Peer-to-peer car-sharing company RelayRides announced Monday it is going national, the first peer-to-peer car-sharing program to do so. I sat down with RelayRide’s founder Shelby Clark and asked him my burning questions on the peer-to-peer car-sharing model.
ARN: Zipcar just got into the peer-to-peer market by funding a smaller competitor, Wheelz. How does that affect RelayRides?
SC: We’ve had a healthy dialogue with Scott Griffith, the CEO of Zipcar, for a long time and we’re on great terms. I’m excited to see Zipcar get involved with peer to peer. Zipcar has a really strong focus on universities, where Wheelz is. Zipcar is a competitor, but there are way more people that don’t car share than those who do. There are 260 million cars on the road in the U.S. and 1.2 cars for every licensed driver. There are less than a million car-sharing members; that’s less than half a percent of car drivers in the U.S. It’s just incredibly wasteful.
ARN: Why go national now?
SC: We launched almost two years ago in Boston, and since then we’ve been saying “no” to many people in other parts of the country. We’ve wanted to stop saying no.
ARN: How will you deal with the first handful of RelayRides car sharers in a new market? It may be difficult to connect car owners with renters.
SC: In the early days there will be areas where we don’t have really strong coverage. But RelayRides is an inherently viral marketplace, where renters want to see more cars and owners in the marketplace. People really connect with what we’re doing. They get really enthusiastic. They like telling their friends and neighbors. We’ll see growth through strong word of mouth. And we’re trying to make it as easy as possible to get a car up and running in the system. That’s why we’re launching this key-exchange program. It’s the absolute easiest way to get a car off and running and available to rent in less than five minutes. We want to make this process really frictionless.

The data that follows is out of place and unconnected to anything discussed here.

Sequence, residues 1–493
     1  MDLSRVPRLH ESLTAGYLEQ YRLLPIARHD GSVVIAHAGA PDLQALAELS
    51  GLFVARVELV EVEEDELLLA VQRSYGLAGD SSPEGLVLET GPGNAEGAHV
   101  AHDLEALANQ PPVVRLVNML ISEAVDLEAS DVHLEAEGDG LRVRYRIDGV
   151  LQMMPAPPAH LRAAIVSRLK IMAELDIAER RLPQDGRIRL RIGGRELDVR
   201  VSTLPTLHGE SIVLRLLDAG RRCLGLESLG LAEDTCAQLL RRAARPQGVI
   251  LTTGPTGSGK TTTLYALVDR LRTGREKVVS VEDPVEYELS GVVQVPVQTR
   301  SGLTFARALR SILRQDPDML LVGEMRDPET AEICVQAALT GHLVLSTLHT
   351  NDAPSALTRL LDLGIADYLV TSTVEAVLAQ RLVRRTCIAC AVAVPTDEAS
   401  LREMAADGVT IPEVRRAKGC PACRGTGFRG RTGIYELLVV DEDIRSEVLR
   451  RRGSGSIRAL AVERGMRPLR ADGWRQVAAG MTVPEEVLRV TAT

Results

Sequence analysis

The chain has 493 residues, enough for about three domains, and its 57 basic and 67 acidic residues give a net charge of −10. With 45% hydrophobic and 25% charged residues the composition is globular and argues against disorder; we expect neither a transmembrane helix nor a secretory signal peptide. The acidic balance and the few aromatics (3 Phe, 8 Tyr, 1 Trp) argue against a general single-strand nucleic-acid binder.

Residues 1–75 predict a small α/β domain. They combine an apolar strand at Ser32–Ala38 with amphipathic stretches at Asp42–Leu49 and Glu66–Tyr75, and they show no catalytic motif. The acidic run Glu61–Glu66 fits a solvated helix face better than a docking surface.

ARN: Only three states have regulations (pending the Washington State governor signs a recently passed bill) for which insurance companies officially recognize that their insureds are renting their cars. How do you feel about moving into states that don’t have those laws?
SC: The legislation is nice to have but not necessary. It helps consumers become more comfortable with a new idea, because it’s been considered by their legislature as being safe and good for consumers.
ARN: But renting a car is considered commercial usage.
SC: Your personal auto policy does not cover commercial usage of your car, but it doesn’t mean that using your car for commercial purposes has any real impact on your coverage. To give you an example: A pizza delivery boy and realtor are considered commercial usage of your vehicle, as is renting your car out through RelayRides. You need a different auto policy to [cover commercial usage], which is why RelayRides has a $1 million insurance policy on every reservation. But that said, State Farm doesn’t go around cancelling every pizza delivery boys’ insurance policy. They could drop you, but it’s pretty unlikely. We’ve been operating in Massachusetts for two years now without a single problem. The law makes it really clear that renting your car out is legal.
ARN: The laws are written such that the car owner can’t make more than his or her costs. Will that pose a problem?
SC: Yes, your earnings can’t exceed your costs. But you have a lot of things that can be considered car expenses; depreciation, gas, even an iPod connection. If you do exceed the earnings, it’s not the end of the world. You would no longer have those protections, so the worst case scenario is the insurance carrier would drop your coverage. It hasn’t happened yet; we’re confident it won’t happen, and the downside is pretty manageable.
ARN: What is the oversight?
SC: The law doesn’t specify reporting, so we’re not providing our detailed user information to insurance companies. It’s not entirely clear how they would enforce it.
ARN: Have you had any claims on your policy yet?
SC: We have had some claims and there haven’t been problems. We’re really confident that our insurance will hold up.
ARN: Have you had any cars stolen?
SC: We have not had any cars stolen to date. All the cars that we have right now have GPS. With [our new agreement with] OnStar, it has GPS and the system can slow the car to a stop so it can be recovered.
ARN: But moving forward those vehicles that don’t have OnStar will have to be part of the key-exchange program. Isn’t that risky?
SC: We encourage the car owner to check the renter’s driver’s license when they meet them. We have a lot of ways to triangulate the information online and then you have the in-person backup as well.